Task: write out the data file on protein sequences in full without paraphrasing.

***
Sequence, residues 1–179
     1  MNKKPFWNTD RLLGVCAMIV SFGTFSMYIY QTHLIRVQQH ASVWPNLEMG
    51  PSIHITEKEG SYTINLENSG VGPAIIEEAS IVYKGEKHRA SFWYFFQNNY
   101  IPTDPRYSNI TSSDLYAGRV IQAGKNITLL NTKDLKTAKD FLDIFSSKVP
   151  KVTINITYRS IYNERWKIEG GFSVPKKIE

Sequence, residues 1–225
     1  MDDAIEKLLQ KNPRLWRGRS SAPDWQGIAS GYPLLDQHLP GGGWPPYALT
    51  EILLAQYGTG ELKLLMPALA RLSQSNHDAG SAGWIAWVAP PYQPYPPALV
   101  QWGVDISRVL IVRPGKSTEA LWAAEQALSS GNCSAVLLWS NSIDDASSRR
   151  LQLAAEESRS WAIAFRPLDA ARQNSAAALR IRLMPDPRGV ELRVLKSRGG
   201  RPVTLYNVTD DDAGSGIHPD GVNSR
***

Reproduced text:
Sequence, residues 1–179
     1  MNKKPFWNTD RLLGVCAMIV SFGTFSMYIY QTHLIRVQQH ASVWPNLEMG
    51  PSIHITEKEG SYTINLENSG VGPAIIEEAS IVYKGEKHRA SFWYFFQNNY
   101  IPTDPRYSNI TSSDLYAGRV IQAGKNITLL NTKDLKTAKD FLDIFSSKVP
   151  KVTINITYRS IYNERWKIEG GFSVPKKIE

Sequence, residues 1–225
     1  MDDAIEKLLQ KNPRLWRGRS SAPDWQGIAS GYPLLDQHLP GGGWPPYALT
    51  EILLAQYGTG ELKLLMPALA RLSQSNHDAG SAGWIAWVAP PYQPYPPALV
   101  QWGVDISRVL IVRPGKSTEA LWAAEQALSS GNCSAVLLWS NSIDDASSRR
   151  LQLAAEESRS WAIAFRPLDA ARQNSAAALR IRLMPDPRGV ELRVLKSRGG
   201  RPVTLYNVTD DDAGSGIHPD GVNSR